Stop Smoking Services at threat as funding comes under pressure

Around forty per cent of local authorities in England are cutting budgets to stop smoking services according to a new Action on Smoking and Health (ASH) report published today (Wednesday) by Cancer Research UK*.

“Thousands of people will want to quit smoking this new year and free stop smoking services provided by local councils provide vital support to help them achieve that goal. These services are under threat from a lack of sustainable funding.” – George Butterworth, Cancer Research UK

In the second report of its kind, tobacco control experts from 126 local authorities across England have been asked about their stop smoking services, their budgets and how well their services were integrating since moving to local government in 2013.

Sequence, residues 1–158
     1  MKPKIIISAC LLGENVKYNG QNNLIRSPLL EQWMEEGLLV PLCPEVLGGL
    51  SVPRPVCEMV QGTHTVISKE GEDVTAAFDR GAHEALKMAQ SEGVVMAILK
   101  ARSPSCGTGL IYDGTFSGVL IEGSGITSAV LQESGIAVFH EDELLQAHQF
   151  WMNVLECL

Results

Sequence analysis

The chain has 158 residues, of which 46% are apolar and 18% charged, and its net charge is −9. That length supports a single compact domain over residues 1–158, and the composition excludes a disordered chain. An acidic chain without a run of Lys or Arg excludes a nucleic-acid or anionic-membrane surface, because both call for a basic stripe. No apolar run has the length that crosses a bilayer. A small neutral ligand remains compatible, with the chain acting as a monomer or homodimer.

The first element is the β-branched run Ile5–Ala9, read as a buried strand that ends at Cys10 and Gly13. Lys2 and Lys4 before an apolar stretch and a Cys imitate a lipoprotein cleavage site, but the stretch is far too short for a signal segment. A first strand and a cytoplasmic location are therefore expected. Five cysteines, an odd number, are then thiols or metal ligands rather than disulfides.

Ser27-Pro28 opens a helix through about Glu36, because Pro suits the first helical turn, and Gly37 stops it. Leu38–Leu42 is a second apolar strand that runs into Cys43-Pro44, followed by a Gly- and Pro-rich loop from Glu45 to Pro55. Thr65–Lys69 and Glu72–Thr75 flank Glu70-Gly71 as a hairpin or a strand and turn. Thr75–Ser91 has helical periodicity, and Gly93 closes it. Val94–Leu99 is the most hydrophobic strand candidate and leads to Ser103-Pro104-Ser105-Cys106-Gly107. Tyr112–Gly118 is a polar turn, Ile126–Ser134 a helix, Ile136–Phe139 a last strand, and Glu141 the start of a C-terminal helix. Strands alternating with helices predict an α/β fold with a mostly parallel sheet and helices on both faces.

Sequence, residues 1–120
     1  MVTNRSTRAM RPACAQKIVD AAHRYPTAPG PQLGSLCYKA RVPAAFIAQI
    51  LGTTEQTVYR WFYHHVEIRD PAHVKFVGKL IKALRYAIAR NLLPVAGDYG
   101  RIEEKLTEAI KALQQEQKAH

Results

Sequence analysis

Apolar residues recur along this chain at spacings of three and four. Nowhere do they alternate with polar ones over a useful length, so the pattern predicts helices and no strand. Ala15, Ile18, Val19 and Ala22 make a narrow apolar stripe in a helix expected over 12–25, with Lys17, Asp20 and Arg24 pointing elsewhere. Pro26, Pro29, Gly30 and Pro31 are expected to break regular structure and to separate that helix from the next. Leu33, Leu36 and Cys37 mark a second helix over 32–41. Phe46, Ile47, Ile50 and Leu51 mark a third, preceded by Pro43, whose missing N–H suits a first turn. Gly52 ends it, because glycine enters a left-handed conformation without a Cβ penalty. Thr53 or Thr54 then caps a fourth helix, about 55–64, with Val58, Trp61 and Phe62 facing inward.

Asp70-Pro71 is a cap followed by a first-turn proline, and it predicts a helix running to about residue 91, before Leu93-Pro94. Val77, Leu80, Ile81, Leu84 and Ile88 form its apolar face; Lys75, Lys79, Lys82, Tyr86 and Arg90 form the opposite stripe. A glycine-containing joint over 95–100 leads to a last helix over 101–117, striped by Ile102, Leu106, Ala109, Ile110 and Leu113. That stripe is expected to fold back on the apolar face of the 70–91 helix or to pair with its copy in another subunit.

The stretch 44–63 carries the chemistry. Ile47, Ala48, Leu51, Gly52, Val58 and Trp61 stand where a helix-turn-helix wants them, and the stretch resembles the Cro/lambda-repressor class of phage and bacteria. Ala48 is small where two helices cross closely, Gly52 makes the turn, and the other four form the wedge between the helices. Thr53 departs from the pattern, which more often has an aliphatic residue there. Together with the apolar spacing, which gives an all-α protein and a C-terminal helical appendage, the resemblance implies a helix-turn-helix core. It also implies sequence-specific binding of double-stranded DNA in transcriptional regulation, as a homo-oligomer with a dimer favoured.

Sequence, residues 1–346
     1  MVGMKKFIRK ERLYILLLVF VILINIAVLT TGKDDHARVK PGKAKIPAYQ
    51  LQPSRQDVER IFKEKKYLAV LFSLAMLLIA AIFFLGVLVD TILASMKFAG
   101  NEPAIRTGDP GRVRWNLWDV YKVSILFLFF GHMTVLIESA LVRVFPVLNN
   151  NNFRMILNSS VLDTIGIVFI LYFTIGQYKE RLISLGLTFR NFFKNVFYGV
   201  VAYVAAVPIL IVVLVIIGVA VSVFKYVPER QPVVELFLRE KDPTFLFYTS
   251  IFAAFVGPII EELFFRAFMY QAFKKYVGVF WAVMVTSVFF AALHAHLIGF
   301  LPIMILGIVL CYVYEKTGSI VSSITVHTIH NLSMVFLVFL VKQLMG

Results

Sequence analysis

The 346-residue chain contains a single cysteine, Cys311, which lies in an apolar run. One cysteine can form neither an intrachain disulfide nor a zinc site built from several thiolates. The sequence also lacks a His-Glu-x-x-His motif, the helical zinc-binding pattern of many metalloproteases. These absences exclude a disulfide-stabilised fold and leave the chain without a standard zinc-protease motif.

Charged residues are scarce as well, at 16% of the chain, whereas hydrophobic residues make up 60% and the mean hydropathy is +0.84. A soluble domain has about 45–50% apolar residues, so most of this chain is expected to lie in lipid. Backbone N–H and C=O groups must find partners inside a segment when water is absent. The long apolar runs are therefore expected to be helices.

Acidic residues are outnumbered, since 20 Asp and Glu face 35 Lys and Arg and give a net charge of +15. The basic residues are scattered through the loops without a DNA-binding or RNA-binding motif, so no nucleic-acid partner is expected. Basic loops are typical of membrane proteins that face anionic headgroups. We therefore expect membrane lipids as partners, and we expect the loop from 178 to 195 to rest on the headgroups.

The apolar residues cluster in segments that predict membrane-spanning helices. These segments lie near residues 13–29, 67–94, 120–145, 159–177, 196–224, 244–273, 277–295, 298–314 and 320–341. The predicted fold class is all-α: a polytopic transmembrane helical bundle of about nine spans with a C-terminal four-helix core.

The new 2014/15 report finds that in two out of five areas funding is being cut back. In addition half of all services are being reconfigured or recommissioned indicating a high level of change across the country.

The previous 2013/14 report reviewed the first full year of tobacco control moving to local authorities from PCTs. The results were generally positive but there were significant concerns flagged about future cuts to services.

In the Spending Review 2015, the Government announced cuts to local council public health budgets of 3.9 per cent a year over the next five years. This is in addition to the £200 million extra in year cuts announced at the Budget 2015.

Stop Smoking Services are not mandatory services that councils must provide so there are fears they will be targeted and hit hard by cuts. This would then make it difficult for smokers to get the support they need to help them break their addiction.

Full article by Cancer Research UK 13 January 2016